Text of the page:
Scholarship offerings aside, I was interested in the Navy because it promised an experience that would be different from any other – an opportunity to sail and drive a ship out at sea, visit ports and places that were off the beaten track, and work on meaningful things instead of joining the rat race.
Among the various scholarships being offered, the SAF scholarship stood out for two reasons.
Firstly, the nature of the career was compelling because it was meaningful. While I was interested in business and economics, I was not so sure that I would enjoy a career as a corporate, white-collar executive. On the other hand, an SAF career would allow me to protect my country and my loved ones, while the day-to-day work in the SAF would allow me to lead people, and make a difference in their lives.
Secondly, I was assured by the talent management system in place in the SAF, and I was convinced that a career in the SAF as a scholar would push me to my limits. This scheme wasn’t something that smaller organisations could offer.
I read Systems Science Engineering at University of Pennsylvania and completed both my Bachelor's and Masters degree's there.
I chose engineering because it gave me flexibility in my choice of career – I grew up at a time when it was quite the norm to go for an engineering undergraduate education, because engineering graduates had the flexibility to become professional engineers, or switch over to work in management consultancies and other fields. And among engineering fields, the most flexible was probably Systems Science, which deals with the study of complex systems and how to make them work, and work better.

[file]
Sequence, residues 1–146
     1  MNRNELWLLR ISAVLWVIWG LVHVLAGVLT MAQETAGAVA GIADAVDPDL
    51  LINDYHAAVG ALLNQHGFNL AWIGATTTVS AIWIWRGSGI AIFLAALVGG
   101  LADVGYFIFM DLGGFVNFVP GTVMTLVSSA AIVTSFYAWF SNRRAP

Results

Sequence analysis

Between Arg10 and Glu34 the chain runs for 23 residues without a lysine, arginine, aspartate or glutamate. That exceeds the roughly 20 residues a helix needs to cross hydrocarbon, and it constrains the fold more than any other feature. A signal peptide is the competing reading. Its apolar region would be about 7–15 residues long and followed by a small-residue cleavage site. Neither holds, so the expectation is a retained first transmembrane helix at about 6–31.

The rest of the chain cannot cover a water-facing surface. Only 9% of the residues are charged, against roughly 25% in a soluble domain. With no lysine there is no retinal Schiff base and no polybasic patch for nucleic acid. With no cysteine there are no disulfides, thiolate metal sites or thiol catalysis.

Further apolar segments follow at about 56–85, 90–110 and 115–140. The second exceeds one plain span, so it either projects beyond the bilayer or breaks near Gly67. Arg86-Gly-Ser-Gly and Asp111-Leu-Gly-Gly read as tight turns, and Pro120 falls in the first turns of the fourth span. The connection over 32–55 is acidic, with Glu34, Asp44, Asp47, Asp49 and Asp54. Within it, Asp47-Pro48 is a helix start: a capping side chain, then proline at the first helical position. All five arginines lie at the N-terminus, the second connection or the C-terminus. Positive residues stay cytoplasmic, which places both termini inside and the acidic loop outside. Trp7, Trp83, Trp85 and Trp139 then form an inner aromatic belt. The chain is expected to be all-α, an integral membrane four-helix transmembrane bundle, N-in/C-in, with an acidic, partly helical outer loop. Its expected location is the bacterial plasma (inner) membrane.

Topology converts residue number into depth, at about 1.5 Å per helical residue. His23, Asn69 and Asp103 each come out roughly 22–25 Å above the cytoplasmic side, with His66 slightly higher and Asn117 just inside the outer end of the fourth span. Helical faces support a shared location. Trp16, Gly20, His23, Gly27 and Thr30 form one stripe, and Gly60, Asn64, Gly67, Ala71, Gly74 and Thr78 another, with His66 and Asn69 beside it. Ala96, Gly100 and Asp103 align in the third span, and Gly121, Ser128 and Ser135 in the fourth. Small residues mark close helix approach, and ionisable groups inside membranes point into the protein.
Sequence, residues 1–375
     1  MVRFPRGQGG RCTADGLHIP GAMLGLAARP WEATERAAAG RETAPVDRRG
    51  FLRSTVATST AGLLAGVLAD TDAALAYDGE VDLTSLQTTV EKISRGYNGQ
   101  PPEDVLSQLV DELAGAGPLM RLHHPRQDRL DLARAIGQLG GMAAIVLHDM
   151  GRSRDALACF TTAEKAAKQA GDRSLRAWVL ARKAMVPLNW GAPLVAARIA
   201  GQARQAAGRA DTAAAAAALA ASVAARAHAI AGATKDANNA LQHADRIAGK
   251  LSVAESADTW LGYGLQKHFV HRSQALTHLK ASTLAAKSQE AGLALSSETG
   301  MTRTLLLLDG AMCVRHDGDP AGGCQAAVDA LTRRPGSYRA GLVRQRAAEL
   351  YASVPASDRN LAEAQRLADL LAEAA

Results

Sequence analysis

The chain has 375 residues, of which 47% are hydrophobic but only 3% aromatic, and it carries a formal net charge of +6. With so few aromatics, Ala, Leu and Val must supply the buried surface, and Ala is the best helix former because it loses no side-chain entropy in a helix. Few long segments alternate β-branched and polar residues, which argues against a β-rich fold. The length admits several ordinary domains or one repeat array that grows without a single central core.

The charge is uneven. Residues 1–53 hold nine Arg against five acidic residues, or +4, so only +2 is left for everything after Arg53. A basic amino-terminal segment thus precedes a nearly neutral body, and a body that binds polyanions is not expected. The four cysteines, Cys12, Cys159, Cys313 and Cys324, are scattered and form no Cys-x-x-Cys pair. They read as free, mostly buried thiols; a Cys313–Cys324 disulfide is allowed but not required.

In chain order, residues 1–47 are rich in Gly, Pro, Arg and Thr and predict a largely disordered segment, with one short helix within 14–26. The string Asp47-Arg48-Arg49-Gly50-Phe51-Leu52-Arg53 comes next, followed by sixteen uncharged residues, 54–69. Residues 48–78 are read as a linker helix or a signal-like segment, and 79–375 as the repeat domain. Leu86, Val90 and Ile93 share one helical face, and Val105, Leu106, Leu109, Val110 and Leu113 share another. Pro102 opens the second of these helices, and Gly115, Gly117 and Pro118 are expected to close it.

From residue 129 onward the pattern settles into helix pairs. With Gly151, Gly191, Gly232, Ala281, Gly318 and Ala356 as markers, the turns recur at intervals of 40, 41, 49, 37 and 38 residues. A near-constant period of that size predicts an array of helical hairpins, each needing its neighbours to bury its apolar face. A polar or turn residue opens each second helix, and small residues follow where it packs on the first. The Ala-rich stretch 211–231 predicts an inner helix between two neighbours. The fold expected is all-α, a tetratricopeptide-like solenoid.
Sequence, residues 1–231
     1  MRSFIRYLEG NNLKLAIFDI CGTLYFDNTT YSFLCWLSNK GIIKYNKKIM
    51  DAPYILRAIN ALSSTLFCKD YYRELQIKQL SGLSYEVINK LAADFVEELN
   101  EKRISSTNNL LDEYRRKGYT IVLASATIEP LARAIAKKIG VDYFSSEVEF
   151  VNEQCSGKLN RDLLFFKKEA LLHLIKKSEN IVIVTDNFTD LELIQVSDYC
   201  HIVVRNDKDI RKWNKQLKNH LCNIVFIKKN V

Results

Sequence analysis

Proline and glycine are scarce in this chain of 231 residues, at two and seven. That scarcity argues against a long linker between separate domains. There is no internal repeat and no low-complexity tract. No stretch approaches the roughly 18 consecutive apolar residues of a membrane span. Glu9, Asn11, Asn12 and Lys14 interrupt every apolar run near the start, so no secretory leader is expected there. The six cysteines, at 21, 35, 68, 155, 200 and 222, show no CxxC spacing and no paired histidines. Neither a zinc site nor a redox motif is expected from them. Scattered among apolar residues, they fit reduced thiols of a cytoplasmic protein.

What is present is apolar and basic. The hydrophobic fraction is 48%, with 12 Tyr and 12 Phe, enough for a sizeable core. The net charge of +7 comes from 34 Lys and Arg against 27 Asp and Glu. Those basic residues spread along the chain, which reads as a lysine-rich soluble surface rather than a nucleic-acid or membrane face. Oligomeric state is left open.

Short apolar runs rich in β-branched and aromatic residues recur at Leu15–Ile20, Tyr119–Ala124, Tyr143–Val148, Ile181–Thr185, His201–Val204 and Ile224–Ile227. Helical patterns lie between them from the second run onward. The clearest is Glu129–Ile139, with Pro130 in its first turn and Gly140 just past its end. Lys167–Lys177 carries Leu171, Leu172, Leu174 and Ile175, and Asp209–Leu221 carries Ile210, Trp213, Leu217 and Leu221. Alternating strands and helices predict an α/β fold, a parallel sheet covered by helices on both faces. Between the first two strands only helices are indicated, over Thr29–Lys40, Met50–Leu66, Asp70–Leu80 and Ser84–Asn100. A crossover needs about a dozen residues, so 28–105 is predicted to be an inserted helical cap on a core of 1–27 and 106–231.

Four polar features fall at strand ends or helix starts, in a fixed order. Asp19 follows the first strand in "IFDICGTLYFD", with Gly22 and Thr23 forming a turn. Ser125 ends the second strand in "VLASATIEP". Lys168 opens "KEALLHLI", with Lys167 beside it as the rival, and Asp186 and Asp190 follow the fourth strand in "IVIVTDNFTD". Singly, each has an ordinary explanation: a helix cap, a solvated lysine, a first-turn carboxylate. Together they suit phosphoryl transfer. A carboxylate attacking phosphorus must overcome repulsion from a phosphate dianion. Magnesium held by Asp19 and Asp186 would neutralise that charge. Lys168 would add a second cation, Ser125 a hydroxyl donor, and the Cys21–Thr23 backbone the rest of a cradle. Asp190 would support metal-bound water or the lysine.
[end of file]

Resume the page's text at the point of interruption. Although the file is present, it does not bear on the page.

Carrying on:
I have taken on a wide spectrum of shipboard and shore appointments in my 18 years with the Navy.
Some of the shipboard appointments include Executive Officer (or second in command) of a Victory-class missile corvette, Executive Officer of a Formidable-class frigate and most recently, Commanding Officer of RSS Tenacious (Formidable-class frigate).
I also had the opportunity to experience working in the Navy Headquarters. I was previously a staff officer in Naval Plans Department, which was very exciting because I get to plan for the future development of the RSN. I also held the appointment of a branch head in Naval Intelligence Department and deputy head in Naval Operations Department. Currently, I am heading the RSN Strategic Redesign Office where we look at how the navy has to reshape itself to remain relevant in the future.
One of the highlights of any naval career – and certainly for mine – was being in command of RSS Tenacious, where I led a fantastic crew of officers and sailors.
I’ll just highlight one memorable moment during the year that I was in command. My ship was assigned to be the visit ship for the Navy@Vivo event in June 2016. It was a challenging assignment where my crew had to manage a record number of visitors, ensuring the smooth flow and safety of the visitors. Despite the long hours, I was proud that my crew managed the crowd well and kept up the high spirits, greeting every visitor with smiles on their faces. Personally, it was all the more memorable because it was not my own achievement alone, but one that we attained together as a ship.
The scholarship provided me with a head start in my career and widened my opportunities for professional and personal growth. If you enjoy taking on a diverse portfolio of work, the RSN is for you!